Workers save money on fuel or train / bus tickets and car maintenance etc. Clothing costs also go down and it is highly likely that less money is spent on food when away from the home. Also, employers have the opportunity to save money on office space in the long term and to seriously reduce their building costs overall.
Mental health is subjective of course, but for many people being able to work alone and in a familiar environment at home is beneficial.
I noticed that the pros for working from home are very much based on now rather than what has come before and how the future will change if we no longer travel to offices to work. One very important aspect to remember is that many people are viewing working from home as an easy transition to make because some organisations have seen cost savings and efficiencies. That, however, is to completely ignore the fact that we were working in offices until early March and we are still only in July.
Take yourself forward 3 years and ask yourself how new employees are hired in a world where everyone is remote. Their productivity (widgets) can be measured, but what about their leadership qualities, their desire to help others and their general approach to work? Many office-based industries rely on meetings, discussions and face to face interaction to get things done. Can that be replicated remotely? I am far from convinced it can.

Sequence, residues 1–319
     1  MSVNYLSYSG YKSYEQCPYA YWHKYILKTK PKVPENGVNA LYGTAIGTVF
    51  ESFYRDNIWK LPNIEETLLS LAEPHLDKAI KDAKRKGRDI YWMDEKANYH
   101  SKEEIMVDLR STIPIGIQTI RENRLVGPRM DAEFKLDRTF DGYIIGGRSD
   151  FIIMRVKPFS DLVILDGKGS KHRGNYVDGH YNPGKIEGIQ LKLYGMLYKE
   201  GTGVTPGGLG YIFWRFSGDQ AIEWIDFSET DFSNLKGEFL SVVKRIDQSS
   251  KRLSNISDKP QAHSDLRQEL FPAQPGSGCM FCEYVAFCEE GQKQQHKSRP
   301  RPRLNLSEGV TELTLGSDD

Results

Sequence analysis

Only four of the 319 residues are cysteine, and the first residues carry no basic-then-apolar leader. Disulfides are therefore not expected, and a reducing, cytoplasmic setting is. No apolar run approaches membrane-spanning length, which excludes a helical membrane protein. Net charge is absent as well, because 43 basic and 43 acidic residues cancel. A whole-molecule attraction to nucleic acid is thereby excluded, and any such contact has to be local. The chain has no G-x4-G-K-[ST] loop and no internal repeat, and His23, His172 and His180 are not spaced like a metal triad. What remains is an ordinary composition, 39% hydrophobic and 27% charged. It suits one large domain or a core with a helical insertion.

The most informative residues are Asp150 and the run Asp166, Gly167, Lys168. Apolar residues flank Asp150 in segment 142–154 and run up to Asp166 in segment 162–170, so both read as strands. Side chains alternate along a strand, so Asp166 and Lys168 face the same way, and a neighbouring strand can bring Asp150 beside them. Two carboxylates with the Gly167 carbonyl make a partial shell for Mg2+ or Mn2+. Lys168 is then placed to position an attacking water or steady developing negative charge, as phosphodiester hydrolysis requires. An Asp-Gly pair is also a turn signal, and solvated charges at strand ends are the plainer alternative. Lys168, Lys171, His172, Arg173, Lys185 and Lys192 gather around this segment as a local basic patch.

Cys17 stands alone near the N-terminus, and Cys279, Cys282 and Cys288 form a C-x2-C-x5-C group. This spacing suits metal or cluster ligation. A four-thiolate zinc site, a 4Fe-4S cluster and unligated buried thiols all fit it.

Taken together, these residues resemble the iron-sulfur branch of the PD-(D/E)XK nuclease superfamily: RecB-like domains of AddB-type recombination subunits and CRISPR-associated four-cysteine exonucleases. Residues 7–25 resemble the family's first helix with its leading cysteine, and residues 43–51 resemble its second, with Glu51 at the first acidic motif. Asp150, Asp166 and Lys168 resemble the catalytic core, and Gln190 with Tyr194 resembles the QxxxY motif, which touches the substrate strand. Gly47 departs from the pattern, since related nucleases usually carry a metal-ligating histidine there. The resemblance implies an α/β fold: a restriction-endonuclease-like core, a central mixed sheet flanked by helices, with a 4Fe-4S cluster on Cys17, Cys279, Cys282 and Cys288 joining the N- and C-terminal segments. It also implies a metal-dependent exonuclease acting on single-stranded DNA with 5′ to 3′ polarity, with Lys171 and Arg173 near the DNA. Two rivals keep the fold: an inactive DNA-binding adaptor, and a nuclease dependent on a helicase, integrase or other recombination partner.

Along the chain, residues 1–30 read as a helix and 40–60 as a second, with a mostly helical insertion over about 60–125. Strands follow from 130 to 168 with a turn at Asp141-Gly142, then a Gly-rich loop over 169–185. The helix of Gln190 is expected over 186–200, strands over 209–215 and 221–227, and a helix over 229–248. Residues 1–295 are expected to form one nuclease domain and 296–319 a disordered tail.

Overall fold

On the subject of meetings, how do the cafes, restaurants and other establishments who currently sell food and drink at lunchtimes and in the evenings to office goers survive without these people? Would face to face meetings in public establishments become so rare that all of these places just stop existing? Work events in restaurants, the trip to the local shop at lunchtime to get a sandwich, the discretionary purchases made in a jewellers during a break in the middle of a stressful day? It would require a complete change, or disintegration, of so many establishments we currently visit.